PICTURED ABOVE: The varsity cross country team pushes their pace despite strong winds and fifty degree temperatures, winning the Northzone meet. Photo by Claire Jurgensmeyer.
Imagine you’re running, and suddenly you cannot breathe and feel like you are about to faint. According to an article published in runnersconnect, these are common symptoms of iron deficiency, and many girls on the Hockaday cross-country team have been experiencing them.
With iron deficiency, runners start to experience fatigue and exhaustion as they hit a wall after running for an even short period of time.
Ellea Lamb ‘17 who ran on the cross country and track team decided to get herself tested for iron deficiency on the advice of Shaylee Marr, a Hockaday track and cross country coach who had experienced iron deficiency herself. One of the things that Lamb was looking for was the ferritin levels in her iron.
“When I came back for track season, I knew I wasn’t performing as I had in the season before and would hit a wall,” Lamb said.
At Hockaday last year, four girls had iron deficiency on the cross-country team alone. Combined with the track season, eight girls experienced iron deficiency.
According to the Mayo Clinic, ferritin is a protein blood cell that contains iron. Thus, when your ferritin levels are low, it is common that your body’s iron count is low.
“What you want to look at is the ferritin. The ferritin levels are associated with the iron. They have different [treatment] recommendations for different ferritin levels,” Marr said.
A regular ferritin level is about a 30. To put iron deficiency in perspective, Lamb had a six.
Ferritin can be low for many reasons, and one of the major ways to lose iron is your diet.
“We tell them to eat a very balanced diet. Red meat is a good one along with the green leafy vegetables,” Marr said.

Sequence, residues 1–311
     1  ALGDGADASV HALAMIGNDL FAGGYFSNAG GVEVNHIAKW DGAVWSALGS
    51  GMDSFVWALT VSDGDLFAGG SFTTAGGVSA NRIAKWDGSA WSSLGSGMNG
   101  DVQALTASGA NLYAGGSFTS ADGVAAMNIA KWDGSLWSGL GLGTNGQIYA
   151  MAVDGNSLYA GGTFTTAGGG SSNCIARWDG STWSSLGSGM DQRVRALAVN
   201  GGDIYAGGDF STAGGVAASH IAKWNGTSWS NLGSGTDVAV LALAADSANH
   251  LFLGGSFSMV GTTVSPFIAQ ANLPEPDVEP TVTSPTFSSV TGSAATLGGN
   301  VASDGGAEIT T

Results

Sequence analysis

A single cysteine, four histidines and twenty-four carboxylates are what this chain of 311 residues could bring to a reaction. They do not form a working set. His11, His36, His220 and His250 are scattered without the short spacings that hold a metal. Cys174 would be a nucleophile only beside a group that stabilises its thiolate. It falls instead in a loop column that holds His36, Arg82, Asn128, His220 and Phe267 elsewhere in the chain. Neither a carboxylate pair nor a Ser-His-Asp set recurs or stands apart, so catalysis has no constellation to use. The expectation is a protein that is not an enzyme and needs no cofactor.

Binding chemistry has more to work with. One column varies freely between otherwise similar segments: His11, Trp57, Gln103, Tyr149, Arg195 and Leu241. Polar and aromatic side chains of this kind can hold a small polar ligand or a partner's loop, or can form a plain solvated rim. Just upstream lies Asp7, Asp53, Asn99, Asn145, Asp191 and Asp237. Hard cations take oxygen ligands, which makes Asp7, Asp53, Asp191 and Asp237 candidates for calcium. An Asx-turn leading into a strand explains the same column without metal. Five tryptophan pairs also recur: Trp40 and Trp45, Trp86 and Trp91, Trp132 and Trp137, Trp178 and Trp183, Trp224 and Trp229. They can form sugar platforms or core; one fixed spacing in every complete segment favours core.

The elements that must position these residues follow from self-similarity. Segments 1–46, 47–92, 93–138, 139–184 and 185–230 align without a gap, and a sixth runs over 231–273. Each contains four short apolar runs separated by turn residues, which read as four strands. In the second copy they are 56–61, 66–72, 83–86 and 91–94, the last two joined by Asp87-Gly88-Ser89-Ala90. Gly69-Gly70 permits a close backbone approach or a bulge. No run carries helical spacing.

This was one of the reasons Lamb had such low ferritin levels as she had stopped eating red meat at the beginning of the 2016-2017 school year.
“For iron whether you’re vegetarian or a meat eater you just want to find high foods and protein and high iron vegetables, red meat is probably the best thing to up your iron levels” said Erika Herridge the school nurse.
Long distance runners are also more prone to getting iron deficiency than sprinters, especially in Texas’s hot climate.
“Areas where the deficiency comes, is hot climates and long miles, and that is where it came up at Hockaday,” Marr said.
Running in the Texas heat for five to six miles a day can cause low iron levels, leading to red blood cells that cannot function properly. This can also cause an increase in the sensitivity to heat.
Girls are also more likely to being affected by iron deficiency than boys, because of their periods. During their periods, girls lose iron, thus contributing to a low ferritin count.
Some girls have anemia, and once they do start running long distance, they hit a low iron deficiency level.
Senior Beth Ryan said, “I got it checked after my freshman year of track, and it was really low, after I got it fixed I realized that it was a problem,” Ryan had a ferritin level of 2 and also has anemia.
According to the Mayo Clinic once you experience iron deficiency, it takes a while for the levels to stabilize with the help of supplements and once they do, your deficiency still never goes away.
“I used to take supplements for my iron, but I was never able to recover and get back to where I was before, ”Lamb said.
Iron supplements, which you find at any local pharmacy over the counter, are the most popular ways that people try to improve their iron levels. In addition to iron supplements, liquid iron and iron injections are used. Vitamin C is also recommended when using these supplements to improve the absorption of the iron.
Iron injections are a fairly new fix and proven to be advantageous. Iron injections are the fastest way to boost iron levels, while supplements take a couple of weeks to work, according to the National Heart Lung and Blood institute.
Iron injections introduce iron through an IV directly to the blood stream. There are given every six months, and are far more effective than liquid iron, and iron supplements.
“I get an IV every six months, which is where I get my iron,” Ryan said.
Ryan, whose personal physician suggested this treatment, still runs track and cross country, and with the help of the iron injections, she is able to perform almost as well as she did before.
Most people never know what their ferritin levels are or if they suffer from iron deficiency.
“I think it’s always a good idea to partner with your pediatrician or doctor because they can run some tests that aren’t too invasive other than taking a blood sample” said Herridge.
Story by Sahasra Chigurupati, Staff Writer